Categories: Environmental Issues

How to Avoid Flares at Social Gatherings

Holidays and other celebrations are a time to slow down and enjoy yourself with family and friends. Many times, they also include lots of delicious foods and drinks.

For people living with an inflammatory bowel disease like ulcerative colitis, or UC, special events can mean digestive troubles. Certain foods, combined with holiday stress, are a recipe for triggering symptoms. But there are ways to manage it all and keep UC flares under control.

How Can I Prepare for a Celebration and Avoid a Flare?

One of the most effective ways to head off a flare is to figure out your unique food triggers.

A registered dietitian can help with this by creating an eating plan tailored to your needs. For example, many people with UC have trouble absorbing calcium and vitamin D.  This can lead to weaker bones. A dietitian makes sure you still get these critical nutrients while you stay away from foods that make you feel worse.

They’ll guide you toward things you can do for a healthier gut. “So in the long run, your digestive tract will get stronger and more resilient,” says Robin Foroutan, an integrative dietitian.

Also, you may want to keep a diary to track what you eat and drink and how it makes you feel. You may find that specific foods or drinks cause a flare and you stay away from them in the future.

Which Holiday Foods May Cause UC Symptoms?

While figuring out your trigger foods is key, certain holiday and event staples are more likely to worsen a UC flare. As you fill your plate or make a toast, watch out for:

  • Rich, fatty foods
  • Fried foods
  • Spicy foods
  • Foods high in added sugar
  • Alcohol
  • Dairy
  • Gluten
  • Nuts
  • Popcorn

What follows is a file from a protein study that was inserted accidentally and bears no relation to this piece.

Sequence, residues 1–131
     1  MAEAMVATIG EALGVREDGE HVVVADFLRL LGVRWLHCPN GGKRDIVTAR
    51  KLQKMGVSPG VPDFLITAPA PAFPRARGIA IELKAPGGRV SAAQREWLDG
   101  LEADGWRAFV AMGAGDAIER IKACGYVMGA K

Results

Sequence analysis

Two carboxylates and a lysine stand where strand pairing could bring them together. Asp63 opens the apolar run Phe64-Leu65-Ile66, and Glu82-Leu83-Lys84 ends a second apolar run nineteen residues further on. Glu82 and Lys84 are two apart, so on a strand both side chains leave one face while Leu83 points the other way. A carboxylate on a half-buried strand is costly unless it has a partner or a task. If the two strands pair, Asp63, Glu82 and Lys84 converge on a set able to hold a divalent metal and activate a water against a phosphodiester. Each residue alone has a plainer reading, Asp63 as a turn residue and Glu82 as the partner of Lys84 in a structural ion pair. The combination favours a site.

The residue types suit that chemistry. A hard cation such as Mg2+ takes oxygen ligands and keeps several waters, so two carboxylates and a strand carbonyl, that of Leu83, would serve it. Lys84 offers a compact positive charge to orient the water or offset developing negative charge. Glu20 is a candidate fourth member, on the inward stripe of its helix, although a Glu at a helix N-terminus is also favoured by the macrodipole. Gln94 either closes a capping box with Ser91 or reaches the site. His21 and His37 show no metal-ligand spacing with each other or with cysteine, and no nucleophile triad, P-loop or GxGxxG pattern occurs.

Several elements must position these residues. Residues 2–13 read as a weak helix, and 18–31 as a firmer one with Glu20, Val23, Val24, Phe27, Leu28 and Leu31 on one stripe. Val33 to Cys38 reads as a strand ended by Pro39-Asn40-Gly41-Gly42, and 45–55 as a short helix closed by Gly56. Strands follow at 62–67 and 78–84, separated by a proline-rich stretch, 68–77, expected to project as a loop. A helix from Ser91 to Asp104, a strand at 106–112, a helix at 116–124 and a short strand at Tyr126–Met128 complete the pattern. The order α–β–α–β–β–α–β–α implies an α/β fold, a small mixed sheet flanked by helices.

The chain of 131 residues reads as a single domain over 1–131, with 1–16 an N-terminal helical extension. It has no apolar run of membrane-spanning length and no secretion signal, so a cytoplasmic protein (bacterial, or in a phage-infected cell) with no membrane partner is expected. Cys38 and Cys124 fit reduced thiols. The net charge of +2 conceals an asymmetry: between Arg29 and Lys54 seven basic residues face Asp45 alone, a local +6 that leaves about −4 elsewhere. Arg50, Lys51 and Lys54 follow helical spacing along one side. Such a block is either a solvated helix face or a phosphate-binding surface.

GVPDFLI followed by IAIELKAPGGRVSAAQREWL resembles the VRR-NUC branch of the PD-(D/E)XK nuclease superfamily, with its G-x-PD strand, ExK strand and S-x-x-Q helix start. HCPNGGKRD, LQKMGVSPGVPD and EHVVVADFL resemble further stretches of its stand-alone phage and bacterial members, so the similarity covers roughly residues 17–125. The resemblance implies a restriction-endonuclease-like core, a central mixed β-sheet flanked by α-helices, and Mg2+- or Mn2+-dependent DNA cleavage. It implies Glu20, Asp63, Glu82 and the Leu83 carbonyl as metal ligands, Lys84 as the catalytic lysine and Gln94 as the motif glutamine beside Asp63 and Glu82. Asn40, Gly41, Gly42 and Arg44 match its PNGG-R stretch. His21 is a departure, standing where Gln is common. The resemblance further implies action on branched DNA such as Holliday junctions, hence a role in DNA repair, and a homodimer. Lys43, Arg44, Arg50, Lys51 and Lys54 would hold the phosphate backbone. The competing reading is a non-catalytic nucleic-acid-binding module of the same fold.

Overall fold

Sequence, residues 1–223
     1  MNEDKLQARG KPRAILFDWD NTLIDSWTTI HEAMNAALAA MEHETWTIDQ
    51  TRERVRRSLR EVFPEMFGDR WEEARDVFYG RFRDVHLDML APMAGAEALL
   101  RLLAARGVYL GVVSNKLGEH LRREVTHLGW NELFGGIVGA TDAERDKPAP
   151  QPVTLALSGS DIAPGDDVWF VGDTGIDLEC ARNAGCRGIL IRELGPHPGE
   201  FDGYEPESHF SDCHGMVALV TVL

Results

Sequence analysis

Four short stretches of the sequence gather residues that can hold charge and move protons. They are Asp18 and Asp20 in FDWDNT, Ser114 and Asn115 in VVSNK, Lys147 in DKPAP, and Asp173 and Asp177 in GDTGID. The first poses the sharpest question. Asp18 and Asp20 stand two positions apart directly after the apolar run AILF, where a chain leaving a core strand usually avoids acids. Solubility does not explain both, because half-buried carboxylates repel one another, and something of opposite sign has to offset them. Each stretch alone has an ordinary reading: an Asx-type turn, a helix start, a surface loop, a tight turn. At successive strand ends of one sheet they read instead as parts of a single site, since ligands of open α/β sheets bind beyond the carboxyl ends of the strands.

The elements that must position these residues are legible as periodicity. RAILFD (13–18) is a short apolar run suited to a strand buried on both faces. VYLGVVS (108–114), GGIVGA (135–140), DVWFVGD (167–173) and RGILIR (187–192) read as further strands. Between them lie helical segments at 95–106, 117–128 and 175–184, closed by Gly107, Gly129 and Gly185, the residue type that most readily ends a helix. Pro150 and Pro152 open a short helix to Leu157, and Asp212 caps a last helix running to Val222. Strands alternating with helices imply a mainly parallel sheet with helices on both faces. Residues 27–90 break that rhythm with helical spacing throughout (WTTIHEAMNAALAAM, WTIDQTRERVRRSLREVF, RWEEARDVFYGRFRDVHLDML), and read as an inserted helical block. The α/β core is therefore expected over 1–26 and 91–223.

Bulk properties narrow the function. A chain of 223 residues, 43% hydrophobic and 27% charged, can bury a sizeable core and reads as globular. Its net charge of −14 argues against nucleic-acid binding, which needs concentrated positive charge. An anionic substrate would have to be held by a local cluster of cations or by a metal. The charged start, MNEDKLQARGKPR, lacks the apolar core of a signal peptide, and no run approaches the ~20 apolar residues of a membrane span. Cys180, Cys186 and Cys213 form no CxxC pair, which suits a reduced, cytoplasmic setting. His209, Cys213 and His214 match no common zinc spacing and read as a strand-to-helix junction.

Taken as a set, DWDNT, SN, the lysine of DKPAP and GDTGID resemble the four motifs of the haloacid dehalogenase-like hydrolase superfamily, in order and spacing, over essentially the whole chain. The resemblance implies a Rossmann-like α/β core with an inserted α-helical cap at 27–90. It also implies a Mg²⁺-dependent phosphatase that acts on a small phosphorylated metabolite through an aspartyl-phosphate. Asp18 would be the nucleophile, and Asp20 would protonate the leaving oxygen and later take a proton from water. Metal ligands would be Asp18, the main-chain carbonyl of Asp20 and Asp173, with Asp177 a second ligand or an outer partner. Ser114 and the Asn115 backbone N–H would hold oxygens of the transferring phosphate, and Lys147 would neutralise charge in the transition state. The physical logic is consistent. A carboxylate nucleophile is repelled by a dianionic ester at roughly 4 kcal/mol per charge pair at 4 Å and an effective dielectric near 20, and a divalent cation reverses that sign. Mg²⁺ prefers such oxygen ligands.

• Carbonated drinks

What’s the Connection Between Overeating and a UC Flare?

You’ve been waiting all year for your favorite aunt’s sweet potato pie. And that stuffing looks good enough for two helpings. You may be tempted to overindulge, especially when you’re celebrating. But when you have ulcerative colitis, eating too much too quickly can cause problems with your gut.

Before you binge, think of your stomach as a blender. “If you overstuff the blender, the food doesn’t blend well and gets jammed up,” Foroutan says. “If you overstuff your stomach and eat more than what it can comfortably hold, you can’t digest as well and that can trigger symptoms.”

Here are some tips to help you avoid overeating:

  • Eat small meals. Five or six small meals a day instead of a couple of large ones may be easier on your stomach.
  • Eat slowly. “Focus on slowing down during mealtimes, chewing really well, and choosing foods that you know feel good digestively,” Foroutan says. Before eating more food, wait 20 minutes to see if you’re still hungry. It takes at least this long for your brain to understand whether you’re full.
  • Stick to your normal eating schedule. You may want to save your appetite for a special meal. But skipping meals can cause a dip in blood sugar, leaving you feeling starved and more likely to overeat. Bring a snack if you’re eating a meal later than normal.
  • Rest up. Sleep loss can set off cravings for foods high in sugar and fat. Try to get 7 or 8 hours of sleep each night to calm these urges.

Which Foods Should I Eat With UC?

In general, when you have ulcerative colitis, certain foods are easier for your body to break down and supply important nutrients. They include:

  • Skinless, low-fiber fruits. Fruits with edible skin like pears, peaches, and prunes can be hard to digest. Instead, try low-fiber fruits such as bananas, cantaloupe, and honeydew melon.
  • Lean protein. Stick with fish, lean pork, and white meat poultry like turkey and chicken.
  • Refined grains. These are processed grains with little or no dietary fiber. Sourdough, potato or gluten-free bread, white pasta, and white rice are all made from refined grains.
  • Vegetables. Look for fully cooked, seedless, and skinless veggies like asparagus tips, cucumbers, potatoes, and squash. Avoid cruciferous vegetables, which include broccoli, cauliflower, cabbage, collards, and kale.

If you’re a guest at a restaurant or in someone’s home, talk to your host. They may be able to make simple tweaks to the menu to meet your dietary needs. Another idea is to bring your own food. That way, you’ll know it’s safe, and you’re guaranteed to have something to eat.

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